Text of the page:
Grace Presbyterian Church
April 18, 2019, Maundy Thursday C
I’m curious how many of you remember the Lord’s Supper in church, maybe as far back as your childhood, looking very different.
Admittedly I grew up in another denomination, but I have these very distinct memories of the Lord’s Supper, whenever it was observed, looking for all the world like a funeral service. Table (and all the elements on it) covered in a shroud, the church’s deacons (no elders in that denomination) dressed in black and looking exactly like pallbearers at a funeral…the only reason I didn’t immediately think of it this way was because, at that young an age, I hadn’t been to enough funerals to know. When I finally did see a couple of funerals, and then saw the Lord’s Supper in church on a Sunday looking pretty much the same, I honestly think I was scarred just a little bit. It might have been worse if we’d had the Supper more than four times a year.
Since then I have studied enough history to know that such presentation of the Lord’s Supper was not only common, it even came with official backing in at least one of the antecedent Presbyterian denominations to the PC(USA); its Book of Orderdescribed and prescribed exactly that kind of setup for the table, even to the point of how the shroud was to be folded when removed, and how it was to be replaced over the elements when the Supper was done. This was as far back, if I remember correctly, as 1796. There is a long history of treating the Lord’s Supper primarily as a memorial. By no means do I mean to offend those who came before us in the faith, but at this point in my life and ministry I can no longer believe that’s precisely what Jesus was going for here, as recounted by Paul in what we now know as the Words of Institution.
As Paul describes the scene (in what is our earliest written account of it), Jesus performs the acts we know – breaking the bread, filling the cup – and marks each one with the appropriate theological significance – “my body that is for you,” “the new covenant in my blood.” But then what does he say? “Do this in remembrance of my sacrifice”? “Do this in remembrance of my death”? “Do this in remembrance of what’s going to happen tomorrow?”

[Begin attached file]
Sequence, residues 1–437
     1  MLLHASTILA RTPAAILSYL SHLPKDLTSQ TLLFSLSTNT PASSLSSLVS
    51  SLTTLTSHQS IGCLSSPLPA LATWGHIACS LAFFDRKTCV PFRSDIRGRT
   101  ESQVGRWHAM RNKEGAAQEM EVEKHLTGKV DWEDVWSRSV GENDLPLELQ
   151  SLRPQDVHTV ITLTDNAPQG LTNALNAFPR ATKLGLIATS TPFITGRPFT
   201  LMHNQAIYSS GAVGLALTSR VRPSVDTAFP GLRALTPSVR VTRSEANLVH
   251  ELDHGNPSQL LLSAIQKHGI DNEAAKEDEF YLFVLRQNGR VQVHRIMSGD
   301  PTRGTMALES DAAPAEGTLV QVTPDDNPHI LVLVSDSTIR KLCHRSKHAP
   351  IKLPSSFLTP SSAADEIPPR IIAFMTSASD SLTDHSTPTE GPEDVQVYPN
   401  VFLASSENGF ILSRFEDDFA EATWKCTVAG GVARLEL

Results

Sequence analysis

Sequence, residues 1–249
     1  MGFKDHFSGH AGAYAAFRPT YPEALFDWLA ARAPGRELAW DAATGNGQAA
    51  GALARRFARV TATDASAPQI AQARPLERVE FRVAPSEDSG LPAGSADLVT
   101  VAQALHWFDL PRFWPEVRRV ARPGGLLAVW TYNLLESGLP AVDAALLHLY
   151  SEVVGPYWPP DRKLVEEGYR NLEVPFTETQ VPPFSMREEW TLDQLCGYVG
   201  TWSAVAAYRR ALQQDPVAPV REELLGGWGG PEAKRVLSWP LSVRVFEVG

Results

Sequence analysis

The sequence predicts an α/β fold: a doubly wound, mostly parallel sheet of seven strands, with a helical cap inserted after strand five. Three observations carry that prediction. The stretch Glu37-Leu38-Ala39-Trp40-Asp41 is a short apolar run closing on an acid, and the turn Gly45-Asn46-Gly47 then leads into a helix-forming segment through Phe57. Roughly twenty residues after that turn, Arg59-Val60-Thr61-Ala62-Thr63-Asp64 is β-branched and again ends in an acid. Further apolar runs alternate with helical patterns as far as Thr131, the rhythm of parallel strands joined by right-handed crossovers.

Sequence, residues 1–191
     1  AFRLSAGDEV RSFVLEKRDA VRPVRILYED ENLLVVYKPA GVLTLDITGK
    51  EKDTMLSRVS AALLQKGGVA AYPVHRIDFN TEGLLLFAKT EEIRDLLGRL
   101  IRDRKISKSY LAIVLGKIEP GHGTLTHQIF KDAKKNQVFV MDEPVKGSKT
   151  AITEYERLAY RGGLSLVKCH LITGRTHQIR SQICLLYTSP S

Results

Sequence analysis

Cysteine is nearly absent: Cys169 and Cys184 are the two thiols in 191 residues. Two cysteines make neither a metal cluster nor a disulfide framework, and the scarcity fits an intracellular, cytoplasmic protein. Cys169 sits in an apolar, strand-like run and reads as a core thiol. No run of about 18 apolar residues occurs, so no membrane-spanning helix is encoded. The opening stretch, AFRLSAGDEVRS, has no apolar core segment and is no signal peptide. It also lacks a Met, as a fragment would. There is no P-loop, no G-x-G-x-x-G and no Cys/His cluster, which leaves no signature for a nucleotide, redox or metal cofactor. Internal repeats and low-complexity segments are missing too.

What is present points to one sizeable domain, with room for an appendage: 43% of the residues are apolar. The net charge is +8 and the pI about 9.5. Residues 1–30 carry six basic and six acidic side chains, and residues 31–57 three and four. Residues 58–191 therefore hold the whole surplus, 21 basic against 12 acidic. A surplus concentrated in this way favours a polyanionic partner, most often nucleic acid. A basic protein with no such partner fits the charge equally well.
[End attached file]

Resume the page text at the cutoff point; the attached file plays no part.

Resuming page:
No. “Do this in remembrance of me.”
“Do this in remembrance of me.” Remember me. Remember the one who journeyed with you all around Galilee and Judea. Remember the one who taught you, who sent you out to preach and teach and heal. Remember me, the one with whom you shared so many meals at so many tables. The one who lived with you all these years.
Later in this same letter Paul will take issue with some in the Corinthian church who somehow doubt that Christ was ever raised from the dead. It is one of the most impassioned parts of this epistle, and in the end Paul finally goes so far as to declare that “if Christ has not been raised, your faith is futile and you are still in your sins” (15:17), and even further, “if for this life only we have hoped in Christ, we are of all people most to be pitied” (15:19). But then the good news: “But in fact Christ has been raised from the dead, the first fruits of those who have died” (15:20).
Even back in our words of institution, Jesus instructs his disciples that in the sharing of this bread and cup, we do “proclaim the Lord’s death until he comes” (11:26). If all we have to show here is Jesus’s funeral, if what happened in this meal and then in the garden and finally on Golgotha is all there is to the story, then we really are kinda hopeless, aren’t we?
Do this in remembrance of me. Remember me.
The animated film Coco understands what power memory has. The young boy at the center of the story, who accidentally journeys into the Land of the Dead of Mexican folklore, is in the end rushing back from that land to be at the side of his grandmother; as she is slowly fading, her body aged and infirm and her memories slipping away, the boy sings to hear a song that her own father had sung to her as a young child, before leaving the family to try to provide for them as a musician – a journey on which he ends up being murdered, unbeknownst to his family. It is a song that had been made famous by the man who murdered her father and stole the song, presenting it as his own and becoming famous. But in these final moments, as the boy sings her father’s song haltingly to his Mama Coco, the first sparks of life come to her face. Her fingers begin to move, almost imperceptibly; her eyes open, ever so slowly; in the end, her own halting voice joins with the boy’s to finish the song, as she smiles for possibly the first time in years:
Remember me, though I have to travel far
Remember me, each time you hear a sad guitar
Know that I’m with you the only way that I can be
Until you’re in my arms again
In this supper, in this bread and this cup passed among us, broken however imperfectly and maybe spilled a little bit, we remember Jesus, the whole life, the whole word, and in that remembering we are brought to new life, given a song to sing, a smile amid the tears of the everyday; we live in this testimony of the Christ who is coming again, and in whose life is our life.
Do this and remember.
Thanks be to God. Amen.
Hymns (from Glory to God: The Presbyterian Hymnal): #525, Let Us Break Bread Together; #527, Eat This Bread; #227, Jesus, Remember Me